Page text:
In the ads, MoveOn refers to a Senate vote on Feb. 5 in which Warner and all but two other Republican senators voted to block debate on a resolution opposing President Bush’s plan to send 21,500 additional combat troops to Iraq.

It was Warner’s own language that was being held up, which might seem puzzling. But Warner stated two days later that his vote was a reflection of the stringent rules of debate set by Senate Democrats, which would have denied consideration of a GOP resolution (also non-binding) disapproving any cut-off of funds for American troops. Warner stressed that he had not changed his position on his own measure or his disapproval of any troop increase.

Warner appeared on the Senate floor to read a letter he wrote, along with his six Republican co-sponsors, voicing their intention to get the legislation passed:

Warner: Monday’s procedural vote should not be interpreted as any lessening of our resolve to go forward advocating the concepts of S. Con. Res. 7. We will explore all of our options under the Senate procedures and practices to ensure a full and open debate on the Senate floor. The current stalemate is unacceptable to us and to the people of this country.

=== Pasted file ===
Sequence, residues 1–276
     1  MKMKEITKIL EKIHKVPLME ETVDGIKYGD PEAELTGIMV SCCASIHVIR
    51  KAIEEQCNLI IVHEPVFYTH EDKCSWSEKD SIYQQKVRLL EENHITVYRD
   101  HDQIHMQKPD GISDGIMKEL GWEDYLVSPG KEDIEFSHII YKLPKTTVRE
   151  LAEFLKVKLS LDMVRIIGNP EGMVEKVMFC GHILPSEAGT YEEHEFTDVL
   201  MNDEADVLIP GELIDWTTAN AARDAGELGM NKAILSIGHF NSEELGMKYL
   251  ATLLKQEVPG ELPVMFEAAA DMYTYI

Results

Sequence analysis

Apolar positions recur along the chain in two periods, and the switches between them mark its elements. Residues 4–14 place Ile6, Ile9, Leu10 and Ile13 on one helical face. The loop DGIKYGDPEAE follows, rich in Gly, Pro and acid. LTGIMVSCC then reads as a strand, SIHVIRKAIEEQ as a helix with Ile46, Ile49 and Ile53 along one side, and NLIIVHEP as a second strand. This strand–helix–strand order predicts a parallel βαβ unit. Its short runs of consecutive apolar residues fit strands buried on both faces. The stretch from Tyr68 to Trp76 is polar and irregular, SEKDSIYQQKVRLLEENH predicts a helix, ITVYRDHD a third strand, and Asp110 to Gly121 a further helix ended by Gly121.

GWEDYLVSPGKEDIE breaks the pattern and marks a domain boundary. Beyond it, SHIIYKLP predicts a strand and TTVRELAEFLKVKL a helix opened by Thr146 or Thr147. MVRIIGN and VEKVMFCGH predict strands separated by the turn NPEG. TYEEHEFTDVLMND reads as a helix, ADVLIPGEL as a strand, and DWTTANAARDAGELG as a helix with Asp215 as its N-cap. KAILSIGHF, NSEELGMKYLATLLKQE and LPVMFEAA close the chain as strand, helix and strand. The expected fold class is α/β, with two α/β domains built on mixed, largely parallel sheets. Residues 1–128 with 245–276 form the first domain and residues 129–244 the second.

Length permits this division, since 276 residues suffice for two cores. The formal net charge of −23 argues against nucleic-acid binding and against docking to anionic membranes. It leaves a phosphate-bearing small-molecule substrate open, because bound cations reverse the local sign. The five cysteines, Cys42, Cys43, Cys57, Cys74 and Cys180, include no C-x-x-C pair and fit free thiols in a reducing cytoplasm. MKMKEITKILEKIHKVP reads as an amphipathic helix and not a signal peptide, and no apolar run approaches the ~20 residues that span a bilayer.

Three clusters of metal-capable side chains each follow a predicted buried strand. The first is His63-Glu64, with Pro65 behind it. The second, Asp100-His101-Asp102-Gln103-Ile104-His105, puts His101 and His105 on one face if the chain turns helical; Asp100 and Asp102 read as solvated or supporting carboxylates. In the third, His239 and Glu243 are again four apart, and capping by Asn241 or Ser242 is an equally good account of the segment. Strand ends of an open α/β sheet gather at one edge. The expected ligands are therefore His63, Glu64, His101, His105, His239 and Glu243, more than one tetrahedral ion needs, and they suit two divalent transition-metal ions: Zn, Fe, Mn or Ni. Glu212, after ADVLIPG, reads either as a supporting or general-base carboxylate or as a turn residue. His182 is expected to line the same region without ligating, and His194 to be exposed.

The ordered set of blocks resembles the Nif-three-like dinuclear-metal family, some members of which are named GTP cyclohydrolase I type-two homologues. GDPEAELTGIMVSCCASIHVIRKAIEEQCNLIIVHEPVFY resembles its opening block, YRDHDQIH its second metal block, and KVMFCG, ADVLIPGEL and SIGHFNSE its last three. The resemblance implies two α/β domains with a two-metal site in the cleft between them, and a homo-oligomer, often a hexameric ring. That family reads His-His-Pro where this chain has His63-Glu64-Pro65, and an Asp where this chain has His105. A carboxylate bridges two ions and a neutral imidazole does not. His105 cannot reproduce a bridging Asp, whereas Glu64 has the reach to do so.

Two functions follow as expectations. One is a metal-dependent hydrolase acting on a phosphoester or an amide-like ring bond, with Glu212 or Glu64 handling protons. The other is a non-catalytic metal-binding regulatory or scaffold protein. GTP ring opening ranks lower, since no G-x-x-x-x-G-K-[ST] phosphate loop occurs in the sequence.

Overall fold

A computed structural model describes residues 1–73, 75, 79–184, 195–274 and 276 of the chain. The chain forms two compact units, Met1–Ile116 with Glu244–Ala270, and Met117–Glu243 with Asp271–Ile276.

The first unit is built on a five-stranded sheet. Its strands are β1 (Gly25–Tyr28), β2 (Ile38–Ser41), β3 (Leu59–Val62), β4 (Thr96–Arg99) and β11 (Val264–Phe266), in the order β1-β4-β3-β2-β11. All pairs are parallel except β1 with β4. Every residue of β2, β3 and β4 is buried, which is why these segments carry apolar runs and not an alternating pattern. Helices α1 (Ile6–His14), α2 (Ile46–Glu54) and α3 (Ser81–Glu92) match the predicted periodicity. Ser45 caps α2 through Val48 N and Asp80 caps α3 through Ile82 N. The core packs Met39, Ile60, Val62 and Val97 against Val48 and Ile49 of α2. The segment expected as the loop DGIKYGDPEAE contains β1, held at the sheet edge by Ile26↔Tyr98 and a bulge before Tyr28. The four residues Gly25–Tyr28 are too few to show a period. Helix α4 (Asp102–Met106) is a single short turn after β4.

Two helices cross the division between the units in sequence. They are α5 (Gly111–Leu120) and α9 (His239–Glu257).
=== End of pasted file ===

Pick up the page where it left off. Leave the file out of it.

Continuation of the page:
Despite Warner’s statement, MoveOn said the next day, Feb. 8, that it would go forward with its ads. “We wrote the script after he voted to block debate on his own resolution,” Tom Matzzie, Washington Director of MoveOn.org told FactCheck. “John Warner gave a thumbs up to George  Bush while saying something different to voters back in Virginia. . . . He’s flip-flopping.”

But the ads show Warner’s photo with a word bubble containing the word “escalate,” which is the opposite of the position Warner has stated and re-stated. The Feb. 5 vote did delay action on Warner’s language, but that’s not the same thing as advocating escalation.

MoveOn has better justification for picturing Senators McConnell, Dole, and Gregg, who all have stated opposition to the bi-partisan resolution. But Warner wrote the language. The bill he originally sponsored on Jan. 22 says in part:

Warner Bill: The Senate disagrees with the ‘plan’ to augment our forces by 21,500, and urges the President instead to consider all options and alternatives for achieving the strategic goals set forth below.

Those words were later adopted verbatim in a measure sponsored by Democratic Sen. Carl Levin of Michigan, the measure to which the MoveOn ad refers.

Smith & Brownback